Resonance is defined as the point where Zi = 0 and that occurs between 144MHz and 144.5MHz.

We can also see that the bandwidth (SWR < 2) is about 6MHz (148.5MHz - 142.5MHz = 6MHz).

If you want to know either value more precisely you can change the FR card and re-run the analysis. However these numbers are really good enough.

#### Max Gain

The output from xnecview includes three more columns that will be important to the rest of our analysis: `gain`, `phi`, and `theta`. These three numbers represent the magnitude and direction of the maximum gain of the antenna. The gain is in db and the angles are in degrees. Phi is an angle in the horizontal plane. The angle is measured counter-clockwise (when viewed from above) from the  the x-axis. Theta is an angle  in the vertical plane measured from the z-axis, 0 degrees is straight up and 90 degrees is horizontal.

#### Ground plane

One of the strengths of NEC2 is that it can model non-ideal grounds. To use the non-ideal ground we need the dielectric constant and conductivity for the local ground. I don't know how to measure those, but 5B4AZ (Neoklis Kyriazis ("Nick")) has provided a table of typical values that we can use. For the area where this antenna will be used I think the soil is dry, flat, coastal which would be represented by a GN card that looks like this:

`GN  2  0  0  0  1.0000E+01  2.000E-03`

A ground plane has a striking effect on the radiation pattern as shown by these two graphs. The important feature here is that the radiation pattern now has multiple lobes that are not horizontal. So the maximum gain is no longer in the horizontal plane.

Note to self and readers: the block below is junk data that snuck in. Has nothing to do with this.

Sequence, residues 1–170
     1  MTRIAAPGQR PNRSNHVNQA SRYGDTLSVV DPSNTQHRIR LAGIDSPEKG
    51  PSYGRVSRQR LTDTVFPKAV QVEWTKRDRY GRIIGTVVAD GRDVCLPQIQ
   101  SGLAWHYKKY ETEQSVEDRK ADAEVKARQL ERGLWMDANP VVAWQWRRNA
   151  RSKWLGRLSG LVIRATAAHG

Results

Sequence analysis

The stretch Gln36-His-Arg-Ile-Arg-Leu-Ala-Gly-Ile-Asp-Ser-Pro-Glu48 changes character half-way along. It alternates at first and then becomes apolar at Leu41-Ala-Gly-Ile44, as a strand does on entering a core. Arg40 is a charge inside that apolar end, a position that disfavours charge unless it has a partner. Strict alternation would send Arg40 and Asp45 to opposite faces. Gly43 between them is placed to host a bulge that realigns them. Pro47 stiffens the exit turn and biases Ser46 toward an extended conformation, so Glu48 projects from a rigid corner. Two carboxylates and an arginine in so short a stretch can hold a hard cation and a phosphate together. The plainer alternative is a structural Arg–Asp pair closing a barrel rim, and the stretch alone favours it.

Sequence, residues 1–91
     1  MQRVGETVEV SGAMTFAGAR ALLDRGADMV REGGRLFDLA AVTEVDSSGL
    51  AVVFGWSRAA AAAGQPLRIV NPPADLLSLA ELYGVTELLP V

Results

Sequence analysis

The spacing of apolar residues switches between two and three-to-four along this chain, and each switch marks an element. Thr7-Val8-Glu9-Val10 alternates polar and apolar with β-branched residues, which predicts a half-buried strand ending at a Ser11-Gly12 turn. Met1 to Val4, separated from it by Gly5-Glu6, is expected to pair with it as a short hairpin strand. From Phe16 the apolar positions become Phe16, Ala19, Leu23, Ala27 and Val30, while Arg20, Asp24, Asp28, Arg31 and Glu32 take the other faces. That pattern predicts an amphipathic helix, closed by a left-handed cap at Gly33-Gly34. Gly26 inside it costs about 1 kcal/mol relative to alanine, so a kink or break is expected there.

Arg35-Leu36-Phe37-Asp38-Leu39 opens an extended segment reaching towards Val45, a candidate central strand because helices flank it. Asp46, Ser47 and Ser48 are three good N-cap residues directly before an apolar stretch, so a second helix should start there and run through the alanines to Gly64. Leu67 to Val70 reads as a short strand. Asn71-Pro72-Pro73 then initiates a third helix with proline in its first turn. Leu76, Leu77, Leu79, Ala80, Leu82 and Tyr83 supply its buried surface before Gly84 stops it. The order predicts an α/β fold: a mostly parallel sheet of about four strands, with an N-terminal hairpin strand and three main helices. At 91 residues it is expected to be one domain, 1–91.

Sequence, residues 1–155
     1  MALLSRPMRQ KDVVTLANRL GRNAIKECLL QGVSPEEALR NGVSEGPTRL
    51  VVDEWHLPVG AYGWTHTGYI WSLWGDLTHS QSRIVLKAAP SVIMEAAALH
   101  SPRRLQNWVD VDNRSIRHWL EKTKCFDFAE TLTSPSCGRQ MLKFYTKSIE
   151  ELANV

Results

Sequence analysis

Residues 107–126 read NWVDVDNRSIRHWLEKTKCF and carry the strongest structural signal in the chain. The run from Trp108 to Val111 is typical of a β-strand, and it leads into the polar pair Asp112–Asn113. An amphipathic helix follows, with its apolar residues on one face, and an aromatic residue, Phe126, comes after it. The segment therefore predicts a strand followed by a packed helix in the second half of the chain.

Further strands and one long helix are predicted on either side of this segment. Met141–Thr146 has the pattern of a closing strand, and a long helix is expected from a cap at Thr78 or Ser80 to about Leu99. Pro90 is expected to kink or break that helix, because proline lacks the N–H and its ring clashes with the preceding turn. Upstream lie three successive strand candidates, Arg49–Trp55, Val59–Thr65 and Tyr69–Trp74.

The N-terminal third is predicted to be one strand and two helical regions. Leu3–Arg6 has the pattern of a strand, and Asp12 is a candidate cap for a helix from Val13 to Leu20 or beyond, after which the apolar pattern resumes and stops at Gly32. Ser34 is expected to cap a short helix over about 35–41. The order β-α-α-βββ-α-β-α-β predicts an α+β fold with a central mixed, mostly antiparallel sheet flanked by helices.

#### Setting the Antenna Height

Back in the first part of the exercise I highlighted the use of a GM card to set the antenna height. Now is when that pays off. By simply changing one number we can easily change the antenna height.

Using 144MHz as the resonance frequency gives us a wave length of 300/144 = 2.08 meters.

Before running any of the analysis, change the 1001 value on the RP card to 1000 to disable the average gain calculation. The average gain calculation is not relevant when the antenna is modeled over a ground plane.

Also change the FR card to run the analysis at a single frequency, 144MHz.

I used the attached python script, deltaElev.py, to generate a number of data files. Then a few shell commands and I had a CSV file ready for analysis.

`\$ python ./deltaElev.py `
`\$ for f in *.nec; do ../nec_run.sh -n \$f; done | tee results.txt`
`\$ grep 144 results.txt | tr -s " " "," | nl > results.csv`

I loaded results.csv into OpenOffice and generated these theta vs antenna height plots. Theta vs Height in Wave-lengths(click image to enlarge) Theta vs Height in Meters(click image to enlarge)

Keep in mind that theta is measured from vertical, so 90 degrees is horizontal. A yagi antenna over a ground provides maximum gain at upward sloping angle. That angle change with the height of the antenna above ground.

ċ
JERRY DUNMIRE,
Apr 20, 2012, 8:08 PM